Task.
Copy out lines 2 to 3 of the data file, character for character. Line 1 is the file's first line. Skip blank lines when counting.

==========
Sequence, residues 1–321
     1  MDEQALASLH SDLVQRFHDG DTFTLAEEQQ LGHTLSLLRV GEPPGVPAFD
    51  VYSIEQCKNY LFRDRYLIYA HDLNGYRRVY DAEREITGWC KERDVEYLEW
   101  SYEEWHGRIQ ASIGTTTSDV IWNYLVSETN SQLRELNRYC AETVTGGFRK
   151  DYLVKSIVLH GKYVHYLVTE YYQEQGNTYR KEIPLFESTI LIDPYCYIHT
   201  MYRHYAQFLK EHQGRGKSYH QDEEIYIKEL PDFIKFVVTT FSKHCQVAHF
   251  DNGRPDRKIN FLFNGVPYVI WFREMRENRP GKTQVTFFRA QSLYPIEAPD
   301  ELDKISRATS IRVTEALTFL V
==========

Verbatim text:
     1  MDEQALASLH SDLVQRFHDG DTFTLAEEQQ LGHTLSLLRV GEPPGVPAFD
    51  VYSIEQCKNY LFRDRYLIYA HDLNGYRRVY DAEREITGWC KERDVEYLEW